HL: What regrets do you have about money–decisions you’ve made, actions you’ve taken, or not taken? Have you changed anything because of these regrets?
R: I regret some of the over-the-top spending I did right after college. It was the first time I was earning that much money and figured why not enjoy it. I saved a good amount of money but I could’ve saved more. I guess that is me talking to my younger self now that I know how expenses start to pile up. And it wasn’t major things, but I didn’t need to get six drinks at the club every Friday—it wouldn’t have killed me to drink at home and only have two while I was out. The hangovers getting progressively worse has certainly helped give me a wake-up call!
As I’ve gotten older I’ve changed this—and the definition of a night out with friends has changed, making it easier to stick to my goals. While there may be an occasional six-drink-night, I’ve learned there’s nothing wrong with inviting friends over to enjoy some wine, food, and Latin pop music videos. I’ve realized it’s okay to not travel to a new destination every weekend and instead enjoy what New York City has to offer.
HL: How do your parents talk about money–with each other, with you? How much do you know about their income, assets and savings, and economic future? Are your parents “spenders” or “savers?” How is money handled in your family? How has this changed over the years?
R: My parents are pretty good about saving, although they don’t often talk about money. They see a financial planner to prepare for retirement (which I haven’t done yet). I have no idea how much they have saved. Growing up I knew they were more conscious about reining in spending than some of my extended family. They like to splurge for a few vacations a year, but don’t often go out to dinner or make extravagant purchases.
One thing that bothers me is my dad hasn’t been working the past few years—essentially an early retirement, even though my parents hadn’t saved enough for retirement. No one likes to talk about this and things get dicey if I bring it up. My dad hated his career, but I don’t know why he didn’t try something different. He shies away from new ideas whenever family or friends bring it up or offer suggestions on other jobs. It makes me worry about how ready they are for retirement.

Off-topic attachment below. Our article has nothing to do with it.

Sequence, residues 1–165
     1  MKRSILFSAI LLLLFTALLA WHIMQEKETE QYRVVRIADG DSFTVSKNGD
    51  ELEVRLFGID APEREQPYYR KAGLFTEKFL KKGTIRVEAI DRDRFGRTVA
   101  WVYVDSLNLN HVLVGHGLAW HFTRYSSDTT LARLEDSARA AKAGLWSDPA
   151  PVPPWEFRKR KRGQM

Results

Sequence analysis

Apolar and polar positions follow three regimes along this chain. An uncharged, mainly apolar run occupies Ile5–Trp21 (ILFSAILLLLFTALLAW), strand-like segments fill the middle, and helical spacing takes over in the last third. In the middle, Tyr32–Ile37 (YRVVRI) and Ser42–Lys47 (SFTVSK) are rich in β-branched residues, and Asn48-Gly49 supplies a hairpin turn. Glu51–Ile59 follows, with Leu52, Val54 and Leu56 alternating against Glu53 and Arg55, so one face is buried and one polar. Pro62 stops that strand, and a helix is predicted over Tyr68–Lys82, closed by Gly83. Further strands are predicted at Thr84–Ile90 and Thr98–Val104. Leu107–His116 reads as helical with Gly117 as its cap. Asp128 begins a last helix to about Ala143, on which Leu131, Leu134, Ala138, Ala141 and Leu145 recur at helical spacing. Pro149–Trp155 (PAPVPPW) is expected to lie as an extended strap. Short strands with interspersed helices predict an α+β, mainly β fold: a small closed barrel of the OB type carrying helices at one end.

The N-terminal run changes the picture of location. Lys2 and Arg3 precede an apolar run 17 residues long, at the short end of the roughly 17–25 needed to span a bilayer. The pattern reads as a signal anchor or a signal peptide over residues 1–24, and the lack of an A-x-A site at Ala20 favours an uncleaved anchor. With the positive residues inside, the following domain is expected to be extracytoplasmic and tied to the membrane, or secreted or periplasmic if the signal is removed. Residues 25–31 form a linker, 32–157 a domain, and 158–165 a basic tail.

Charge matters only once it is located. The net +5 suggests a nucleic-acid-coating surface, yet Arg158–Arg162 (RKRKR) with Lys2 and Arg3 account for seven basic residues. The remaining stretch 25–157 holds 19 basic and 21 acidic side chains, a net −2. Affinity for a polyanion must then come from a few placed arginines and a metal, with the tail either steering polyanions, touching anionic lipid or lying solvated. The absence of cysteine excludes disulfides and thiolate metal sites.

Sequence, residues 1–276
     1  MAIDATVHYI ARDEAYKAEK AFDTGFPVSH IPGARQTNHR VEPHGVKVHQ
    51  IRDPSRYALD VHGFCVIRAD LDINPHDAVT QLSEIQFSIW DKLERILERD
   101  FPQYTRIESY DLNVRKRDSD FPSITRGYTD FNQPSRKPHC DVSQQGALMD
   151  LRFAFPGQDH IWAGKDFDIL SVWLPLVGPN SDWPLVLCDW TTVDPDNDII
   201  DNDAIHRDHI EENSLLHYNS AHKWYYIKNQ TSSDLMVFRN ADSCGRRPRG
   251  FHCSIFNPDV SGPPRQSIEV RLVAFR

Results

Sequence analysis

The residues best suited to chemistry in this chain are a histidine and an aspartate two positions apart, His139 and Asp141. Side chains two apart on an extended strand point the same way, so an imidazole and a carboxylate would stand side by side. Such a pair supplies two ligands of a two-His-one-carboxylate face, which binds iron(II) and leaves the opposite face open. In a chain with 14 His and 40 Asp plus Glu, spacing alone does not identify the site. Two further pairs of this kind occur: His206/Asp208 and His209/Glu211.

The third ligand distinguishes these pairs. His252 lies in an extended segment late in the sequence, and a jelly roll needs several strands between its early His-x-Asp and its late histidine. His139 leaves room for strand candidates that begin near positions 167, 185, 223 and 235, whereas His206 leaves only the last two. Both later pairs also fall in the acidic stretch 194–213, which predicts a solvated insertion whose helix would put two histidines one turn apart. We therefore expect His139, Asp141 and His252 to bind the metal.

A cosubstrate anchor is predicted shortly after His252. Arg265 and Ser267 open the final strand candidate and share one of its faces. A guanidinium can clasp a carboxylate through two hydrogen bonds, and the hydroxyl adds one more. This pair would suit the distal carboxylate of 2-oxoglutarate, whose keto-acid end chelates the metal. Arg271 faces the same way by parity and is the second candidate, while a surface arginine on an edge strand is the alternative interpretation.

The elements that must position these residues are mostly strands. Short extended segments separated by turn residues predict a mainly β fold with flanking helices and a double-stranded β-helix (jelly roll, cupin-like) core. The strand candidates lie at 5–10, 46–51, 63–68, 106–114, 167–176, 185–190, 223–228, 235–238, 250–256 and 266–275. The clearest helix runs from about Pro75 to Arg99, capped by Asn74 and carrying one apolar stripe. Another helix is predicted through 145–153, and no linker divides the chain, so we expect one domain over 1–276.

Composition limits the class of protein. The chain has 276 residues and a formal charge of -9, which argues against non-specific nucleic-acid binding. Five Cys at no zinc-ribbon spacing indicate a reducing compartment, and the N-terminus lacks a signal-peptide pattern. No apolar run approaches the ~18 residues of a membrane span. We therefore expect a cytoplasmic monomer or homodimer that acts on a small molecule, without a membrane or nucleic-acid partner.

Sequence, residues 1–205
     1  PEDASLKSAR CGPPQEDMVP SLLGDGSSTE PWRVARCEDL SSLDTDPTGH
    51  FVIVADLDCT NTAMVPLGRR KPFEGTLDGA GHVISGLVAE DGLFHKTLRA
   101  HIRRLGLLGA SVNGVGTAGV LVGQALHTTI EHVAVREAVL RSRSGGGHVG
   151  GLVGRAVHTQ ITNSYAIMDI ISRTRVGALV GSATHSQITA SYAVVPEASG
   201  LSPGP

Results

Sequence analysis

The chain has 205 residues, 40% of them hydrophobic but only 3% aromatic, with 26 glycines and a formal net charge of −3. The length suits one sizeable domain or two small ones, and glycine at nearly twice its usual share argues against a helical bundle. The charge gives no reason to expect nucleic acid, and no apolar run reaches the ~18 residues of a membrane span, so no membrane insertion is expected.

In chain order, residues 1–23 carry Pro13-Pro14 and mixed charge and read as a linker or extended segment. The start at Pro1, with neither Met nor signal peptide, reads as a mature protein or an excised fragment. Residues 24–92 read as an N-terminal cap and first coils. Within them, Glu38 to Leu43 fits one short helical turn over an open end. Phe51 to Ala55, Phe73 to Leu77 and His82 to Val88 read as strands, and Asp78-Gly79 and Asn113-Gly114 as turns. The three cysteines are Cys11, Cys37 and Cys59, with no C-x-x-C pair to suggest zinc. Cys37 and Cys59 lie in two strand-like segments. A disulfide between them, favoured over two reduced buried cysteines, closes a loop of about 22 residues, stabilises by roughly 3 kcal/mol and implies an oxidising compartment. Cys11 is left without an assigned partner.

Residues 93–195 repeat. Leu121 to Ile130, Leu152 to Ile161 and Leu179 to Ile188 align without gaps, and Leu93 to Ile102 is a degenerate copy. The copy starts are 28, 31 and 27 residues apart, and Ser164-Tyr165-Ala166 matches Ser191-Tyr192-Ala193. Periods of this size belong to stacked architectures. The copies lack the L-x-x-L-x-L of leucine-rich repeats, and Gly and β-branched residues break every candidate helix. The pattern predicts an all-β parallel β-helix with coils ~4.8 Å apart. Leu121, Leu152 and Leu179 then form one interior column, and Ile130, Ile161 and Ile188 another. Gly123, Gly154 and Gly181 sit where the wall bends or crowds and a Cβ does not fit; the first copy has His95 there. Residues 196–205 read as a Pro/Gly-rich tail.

HL: Are you in a relationship? If so, how much money does your partner make–do they make more or less than you? How do you handle money issues? How are financial decisions made?
R: I’m not in a relationship and haven’t been in a serious one in a while. It’s always tricky when dating someone who makes more or less than you. It sets expectations of who should pay more or less. I don’t think I should be expected to pay for something because I make more money.
I’ve never had a serious enough of a relationship to say how money would be handled. It’s always been a matter of what the expectation will be when we do something together. The idea of not doing something because the other person can’t afford it doesn’t sit well with me. So, there have been times where I’ve just said, “Don’t worry about it, I don’t want to not hang out because you don’t have the money to go to dinner, so I’ll just pay.”
I see how my friends in relationships deal with money and it makes me cringe. When I was traveling in Asia with a couple (#thirdwheel) I couldn’t believe how strict they were with each other in terms of making sure they paid each other back. They would say things like, “Okay, I still owe you $6 from lunch and the entry ticket to that museum.” After the trip they sent out a spreadsheet for how much they owed each other down to the penny. I’ve done some similar accounting, but usually for bigger purchases with friends. Other couples seem to allow their partner’s issues to bring them down financially. Maybe that’s why I’m so strict about what I want in a relationship.
HL: Do you have children? How do you make decisions to spend money on your children’s interests? If you have children or plan to have them in the future, how do you plan on teaching them about money management?
R: I don’t have children, though I plan to be more upfront with them about money than my parents were with me. My parents tended to talk about money in more vague terms, so I think it would be beneficial to provide more concrete advice to my children. Many of my friends who are struggling financially say things like, “My parents have the same issues with money,” which leads them to believe their problems aren’t serious.